Mortgage lenders are confused by a plethora of legal regulators and lack confidence in the system to deal with solicitor fraud or negligence, their trade body has said.
In its response to the government’s call for views on legal regulation, the Council of Mortgage Lenders said its members’ biggest concern is obtaining compensation when the legal services provider has caused them loss.
Recent experience in attempting to secure redress through the Solicitors Regulation Authority in particular has proven a ‘difficult process’ for lenders, with very few claims being successful, the body said.
Lenders reported that they are held to a far more stringent set of standards when claiming from the solicitor’s compensation fund than they would have been held to under their own regulator.
The response also noted that a lack of transparency surrounding decisions has led to the perception that lenders are responsible for losses incurred by legal services providers.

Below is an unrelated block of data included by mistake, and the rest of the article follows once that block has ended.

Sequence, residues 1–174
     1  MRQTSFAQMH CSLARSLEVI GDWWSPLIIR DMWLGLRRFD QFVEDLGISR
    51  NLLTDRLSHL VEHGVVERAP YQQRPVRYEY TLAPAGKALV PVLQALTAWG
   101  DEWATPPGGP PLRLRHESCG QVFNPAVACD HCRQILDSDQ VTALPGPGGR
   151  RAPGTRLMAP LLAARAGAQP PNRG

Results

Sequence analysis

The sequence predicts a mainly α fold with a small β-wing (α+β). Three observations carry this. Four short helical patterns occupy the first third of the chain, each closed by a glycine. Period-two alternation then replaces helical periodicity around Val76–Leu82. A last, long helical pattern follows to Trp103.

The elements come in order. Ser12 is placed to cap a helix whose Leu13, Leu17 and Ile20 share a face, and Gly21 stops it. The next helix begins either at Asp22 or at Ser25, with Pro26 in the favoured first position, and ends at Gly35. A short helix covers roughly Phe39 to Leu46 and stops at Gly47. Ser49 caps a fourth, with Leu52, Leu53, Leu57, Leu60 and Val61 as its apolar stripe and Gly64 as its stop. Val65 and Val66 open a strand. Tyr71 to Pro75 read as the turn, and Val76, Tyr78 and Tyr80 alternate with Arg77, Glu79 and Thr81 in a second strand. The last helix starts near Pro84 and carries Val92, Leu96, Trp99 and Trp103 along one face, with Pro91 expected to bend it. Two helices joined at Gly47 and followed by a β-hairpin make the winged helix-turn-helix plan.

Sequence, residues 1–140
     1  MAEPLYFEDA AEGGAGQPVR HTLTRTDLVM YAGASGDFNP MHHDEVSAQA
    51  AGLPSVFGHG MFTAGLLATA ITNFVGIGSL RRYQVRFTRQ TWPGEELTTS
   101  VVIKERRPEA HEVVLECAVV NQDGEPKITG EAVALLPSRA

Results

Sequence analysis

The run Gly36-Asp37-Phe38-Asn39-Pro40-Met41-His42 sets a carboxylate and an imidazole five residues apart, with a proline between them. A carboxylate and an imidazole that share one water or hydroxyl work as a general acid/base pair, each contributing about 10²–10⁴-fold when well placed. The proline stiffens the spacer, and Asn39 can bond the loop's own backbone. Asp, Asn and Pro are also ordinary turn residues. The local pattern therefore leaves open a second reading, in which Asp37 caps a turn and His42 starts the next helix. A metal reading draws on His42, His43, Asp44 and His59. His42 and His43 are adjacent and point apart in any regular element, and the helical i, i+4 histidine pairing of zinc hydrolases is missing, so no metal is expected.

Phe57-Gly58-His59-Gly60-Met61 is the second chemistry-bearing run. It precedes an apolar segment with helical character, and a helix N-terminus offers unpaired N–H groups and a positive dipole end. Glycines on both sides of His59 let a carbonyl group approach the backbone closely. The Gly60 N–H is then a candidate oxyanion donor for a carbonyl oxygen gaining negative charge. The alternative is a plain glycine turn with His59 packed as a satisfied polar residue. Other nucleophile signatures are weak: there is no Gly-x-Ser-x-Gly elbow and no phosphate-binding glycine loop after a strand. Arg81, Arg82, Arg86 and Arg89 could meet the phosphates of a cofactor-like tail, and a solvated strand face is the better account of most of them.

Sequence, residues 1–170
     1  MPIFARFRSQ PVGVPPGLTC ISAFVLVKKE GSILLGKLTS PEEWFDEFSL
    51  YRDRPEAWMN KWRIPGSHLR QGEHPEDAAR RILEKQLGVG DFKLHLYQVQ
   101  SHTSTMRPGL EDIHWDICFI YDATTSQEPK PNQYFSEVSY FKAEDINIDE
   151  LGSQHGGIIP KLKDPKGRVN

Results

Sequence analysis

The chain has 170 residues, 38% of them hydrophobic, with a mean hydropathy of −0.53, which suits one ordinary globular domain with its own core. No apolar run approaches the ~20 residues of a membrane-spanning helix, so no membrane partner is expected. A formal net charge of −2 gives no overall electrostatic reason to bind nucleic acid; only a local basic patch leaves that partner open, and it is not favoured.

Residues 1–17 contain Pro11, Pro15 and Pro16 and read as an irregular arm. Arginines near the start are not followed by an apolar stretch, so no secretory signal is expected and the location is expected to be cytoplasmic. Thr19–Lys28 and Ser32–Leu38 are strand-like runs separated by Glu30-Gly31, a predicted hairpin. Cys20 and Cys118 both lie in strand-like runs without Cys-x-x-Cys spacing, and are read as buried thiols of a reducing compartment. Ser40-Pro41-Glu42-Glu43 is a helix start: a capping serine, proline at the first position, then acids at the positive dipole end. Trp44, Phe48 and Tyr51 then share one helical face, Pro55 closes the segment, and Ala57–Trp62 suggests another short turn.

The response said: ‘Even before the most recent concerns about the compensation arrangements under the SRA, cyclical boom-and-bust cycles have exposed weaknesses in legal compensation arrangements, and in particular, professional indemnity insurance.
‘A single set of compensation arrangements for the entire legal sector, which maximised efficiency, may provide a better protection against cyclical issues which have historically created issues, particularly with insurance models, and we would support exploring this as an option for simplifying at least one aspect of legal regulation.’
The response also reported that clients had a ‘limited understanding’ of the role of the over-arching regulator, the Legal Services Board.
In its conclusion, the CML agreed with the need for ‘appropriate oversight’ of practitioners and for regulators to be armed with the power to remove those who do not meet required standards.
’If there are to be multiple regulators in the future, they should have rationalised standards and the rationale for differences must be clearly explained. In our experience, although lenders are regular users of legal services, even they can find the plethora of legal regulators confusing.
‘This is especially so in conveyancing where several competing professions operate; solicitors, licensed conveyancers, and legal executives, all three having a separate regulator and rules by which they must adhere.’